The Cyanide & Happiness Show

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The Cyanide & Happiness Show
Cyanide and Happiness Show logo.png
GenreBlack comedy
Sketch comedy
Created byRob DenBleyker
Dave McElfatrick
Matt Melvin
Kris Wilson
Voices ofDave McElfatrick
Rob DenBleyker
Kris Wilson
Joel Watson
Jennie Mae Sweat
Wildrose Hamilton
Zach Prescott
Theme music composerDan Paladin
Opening theme"I Like Your Hat"
Ending theme"I Like Your Hat" (extended)
Composer(s)Steve Lehmann
Country of originUnited States
No. of seasons3
No. of episodes31
Executive producer(s)Dave McElfatrick
Kris Wilson
Rob DenBleyker
Gary Binkow
Producer(s)Greg Slagel
Running time10-15 minutes (Internet version)
22 minutes (TV version)
Production company(s)Explosm Entertainment
Collective Digital Studio (Season 1)
Studio 71 (Season 2–present)
Original networkYouTube (2014–15)
Seeso (2016–17)
VRV (2017–present)
Picture format1080p (16:9)
Original releaseNovember 12, 2014 –
External links

The Cyanide & Happiness Show is an animated comedy web series created by Rob DenBleyker, Dave McElfatrick, Matt Melvin and Kris Wilson, based on their webcomic Cyanide & Happiness. Each episode consists of a few short stories that have little to no connection to each other (with the exception of six episodes from Season 3, which were a story arc). The creators described the goal of each episode to be "to extract the human excretion known as laughter from your face hole via fast-paced weird comedy."[1]

The Cyanide & Happiness Show was funded through a successful Kickstarter campaign. The first season was initially released on YouTube from November 12, 2014 to January 21, 2015. The show was later acquired by Seeso, which produced second and third seasons before selling the show to VRV in mid-2017. On February 20, 2019, it was announced that VRV had renewed the show for a fourth season, which will comprise 10 episodes.[2]


The Explosm team has been creating short videos based on Cyanide & Happiness for years before working on the full show. The Explosm YouTube channel had over 3.6 million subscribers and 490 million views before The Cyanide & Happiness Show started airing.[3] Some of these short videos, such as "Junk Mail" and "Confession", have proven "overwhelmingly popular" among fans of the webcomic.[4]

The Cyanide & Happiness Show was funded by the means of a Kickstarter campaign in early 2013, where it collected a total of $770,309. This was more than three times the initial goal and broke the record of most money ever funded for an animated series on Kickstarter.[5][6] Among the "zany gift offerings" given to Kickstarter backers was an "all-expenses-paid trip to Dallas for a Banana Bar Crawl replete with a banana costume, scepter, and crown".[7]

When the Explosm team sat down to plan the first season, they realized 50 percent of the writing for it was already done, with some ideas being over five years old. Many of the stories used in The Cyanide and Happiness Show resulted from the team trying to make each other laugh while in a bar. Due to Wilson living in Fort Collins, Colorado, numerous plane rides and Skype calls had taken place during this process. As the show began to take shape, the team drew out management positions for themselves. McElfatrick was put in charge of art, DenBleyker covered animation and Wilson managed sound design and voice acting, but as the project went on, these roles loosened up. The team hired contributors from the United States, India and South Korea for various processes.[4]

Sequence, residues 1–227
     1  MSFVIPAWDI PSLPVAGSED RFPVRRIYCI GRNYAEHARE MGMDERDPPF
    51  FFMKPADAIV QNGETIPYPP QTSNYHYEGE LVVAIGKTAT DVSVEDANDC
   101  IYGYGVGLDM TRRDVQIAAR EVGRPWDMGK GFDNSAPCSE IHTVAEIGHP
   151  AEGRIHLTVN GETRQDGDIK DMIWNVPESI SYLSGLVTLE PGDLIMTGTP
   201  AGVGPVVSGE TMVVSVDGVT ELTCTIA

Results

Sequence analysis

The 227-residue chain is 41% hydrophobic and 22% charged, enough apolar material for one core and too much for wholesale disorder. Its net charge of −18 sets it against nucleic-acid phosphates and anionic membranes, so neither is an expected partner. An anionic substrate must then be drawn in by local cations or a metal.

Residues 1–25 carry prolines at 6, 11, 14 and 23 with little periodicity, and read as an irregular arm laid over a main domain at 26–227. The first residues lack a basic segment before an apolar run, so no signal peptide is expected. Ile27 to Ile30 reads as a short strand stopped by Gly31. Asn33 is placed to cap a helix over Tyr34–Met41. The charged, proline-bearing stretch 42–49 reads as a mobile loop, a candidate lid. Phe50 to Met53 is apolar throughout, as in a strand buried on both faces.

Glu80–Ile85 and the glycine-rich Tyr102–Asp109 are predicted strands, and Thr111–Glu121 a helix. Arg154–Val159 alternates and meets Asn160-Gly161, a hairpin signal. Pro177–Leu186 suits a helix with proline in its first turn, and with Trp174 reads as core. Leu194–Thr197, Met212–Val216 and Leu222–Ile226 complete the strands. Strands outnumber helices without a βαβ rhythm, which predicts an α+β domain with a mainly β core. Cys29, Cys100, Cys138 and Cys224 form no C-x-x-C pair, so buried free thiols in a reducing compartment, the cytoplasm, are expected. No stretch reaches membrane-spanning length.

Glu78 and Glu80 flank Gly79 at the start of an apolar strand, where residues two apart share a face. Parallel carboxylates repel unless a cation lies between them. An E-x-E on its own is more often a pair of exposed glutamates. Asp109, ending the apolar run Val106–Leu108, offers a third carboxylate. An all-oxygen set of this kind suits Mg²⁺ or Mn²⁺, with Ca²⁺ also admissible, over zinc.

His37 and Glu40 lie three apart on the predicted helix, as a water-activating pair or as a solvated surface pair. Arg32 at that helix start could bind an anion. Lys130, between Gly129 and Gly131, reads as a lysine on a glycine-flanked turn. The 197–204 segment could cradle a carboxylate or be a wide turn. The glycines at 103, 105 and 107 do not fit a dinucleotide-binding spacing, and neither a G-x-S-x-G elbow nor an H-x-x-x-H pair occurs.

The creators originally attempted to negotiate a TV series deal with cable networks, but due to "concerns about artistic compromise",[7] their efforts were fruitless. One of the creators wrote:

We walked away from the first two [networks] due to rights and creative control issues. We thought that we could settle those issues in the third deal, but things didn’t quite work out as we hoped. We’re starting to realize that TV as an industry just isn’t compatible with what we want to do with our animation: deliver it conveniently to a global audience, something we’ve been doing all along with our comics these past eight years. That's just the nature of television versus the Internet, I suppose.

— Explosm[8]

The first episode of The Cyanide and Happiness Show premiered in an Alamo Drafthouse Cinema in Richardson, Texas, on 12 November 2014.[4] Episodes of the series are released on YouTube, but are also available for DRM-free, low-price download. These downloads were released shortly before the episodes are uploaded to YouTube. According to the creators, once bought, people are free to copy, edit and spread the material to their liking.[9]

The second season of The Cyanide and Happiness Show, which started in December 2015, was made available through the Seeso streaming service rather than YouTube. NBCUniversal Cable senior vice president Parra Hadden noted that, shortly after it was announced that The Cyanide and Happiness Show would be hosted on Seeso, the website saw a very large surge in traffic.[10] Seeso renewed the series for a third season later in 2016.[11] Because Seeso is planning to shut down by the end of 2017, The Cyanide & Happiness show has become available on the streaming service VRV.[12]